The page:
A new study has found that women under 30 are by far the most likely to make their cats vegan, but warns that contrary to some claims this is not healthy.
The new study by the Warsaw University of Life Sciences (SGGW) found felines are simply not able to cope without meat as they cannot get the necessary proteins and vitamins from other sources.
Researchers Magdalena Wit and Justyna Wisniewska analysed the results of recent studies, including those suggesting that a vegetarian diet could work on pet carnivores, but claim that some of the methodology was incorrect.
Magdalena Wit told Central European News (CEN): “Cats are carnivorous, which means that not all the necessary ingredients are present in plant products. In other words, the vegan diet exposes them to deficiencies, among others, vitamin B12, taurine and arachidonic acid.”
Wit added: “In theory, it would be possible to create vegan feed if the manufacturer took care of adequate supplementation, however current products do not cover cats’ needs.”
She believes that previous studies were incomplete as too few research groups were involved and there was not a comprehensive approach to animal health assessment.
In addition, Wit said that the vegetarian and vegan food tested during one study in 2016 actually still contained animal DNA, which means that they were largely meat-based.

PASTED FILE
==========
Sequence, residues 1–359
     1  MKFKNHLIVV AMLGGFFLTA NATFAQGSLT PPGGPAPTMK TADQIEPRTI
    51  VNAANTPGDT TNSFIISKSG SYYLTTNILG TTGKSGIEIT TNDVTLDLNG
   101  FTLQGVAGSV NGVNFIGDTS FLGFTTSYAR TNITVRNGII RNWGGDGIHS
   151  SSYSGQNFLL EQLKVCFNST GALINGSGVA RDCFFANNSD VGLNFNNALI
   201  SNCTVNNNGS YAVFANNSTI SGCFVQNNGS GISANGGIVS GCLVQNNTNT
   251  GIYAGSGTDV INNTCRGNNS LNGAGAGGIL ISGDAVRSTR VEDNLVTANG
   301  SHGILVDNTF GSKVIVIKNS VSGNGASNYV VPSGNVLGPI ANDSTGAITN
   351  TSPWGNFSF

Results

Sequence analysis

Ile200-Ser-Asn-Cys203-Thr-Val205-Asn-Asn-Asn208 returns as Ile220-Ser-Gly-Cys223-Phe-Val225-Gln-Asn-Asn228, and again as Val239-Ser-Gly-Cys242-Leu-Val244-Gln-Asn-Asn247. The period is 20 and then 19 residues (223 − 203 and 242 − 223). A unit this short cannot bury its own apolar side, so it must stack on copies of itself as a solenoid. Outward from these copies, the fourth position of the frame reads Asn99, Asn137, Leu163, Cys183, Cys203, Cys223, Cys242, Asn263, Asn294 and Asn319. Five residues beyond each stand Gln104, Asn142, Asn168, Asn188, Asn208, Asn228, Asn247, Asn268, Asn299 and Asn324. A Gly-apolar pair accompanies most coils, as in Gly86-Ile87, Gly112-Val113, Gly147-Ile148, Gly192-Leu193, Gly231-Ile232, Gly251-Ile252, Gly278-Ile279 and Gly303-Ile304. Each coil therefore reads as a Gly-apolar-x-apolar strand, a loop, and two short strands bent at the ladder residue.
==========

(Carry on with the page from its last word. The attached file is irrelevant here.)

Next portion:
Wit emphasised: “A vegetarian diet is certainly safer than vegan, but still risky.”
The new student revealed that many cat owners who are vegetarian or vegan try to make their pets eat the same as they do.
Unlike humans and other animals, cats do not have the ability to absorb Vitamin A from sources such as carrots which could mean deficiencies for those tempted to switch their furry friends to meatless meals.
Wit and Wisniewska said that cats are anatomically and physiologically adapted to eating meat and recommendations to use concentrated corn, rice and soy do not work because they are unable to digest the sugars in these products.
The same is true for other plant-based ingredients due to the low levels of amylase enzyme in their bodies.
Vegetarian foods also do not provide enough potassium, taurine, Vitamin B and phosphorus for cats, they added.
They also found that most vegan cats were owned by young women, saying “statistically, the most common person making this decision are women (85 percent) under the age of 30 (53 percent).”
However, animal rights’ campaigners claim that there are ways to adapt cats to a vegan diet by gradually introducing alternative ingredients. These include melon, chickpeas and even veggie burgers.
PETA (People for the Ethical Treatment of Animals) claims on their website: “Many vegan dogs and cats enjoy excellent health, and a vegan diet for your companion is ethically consistent with animal rights philosophy.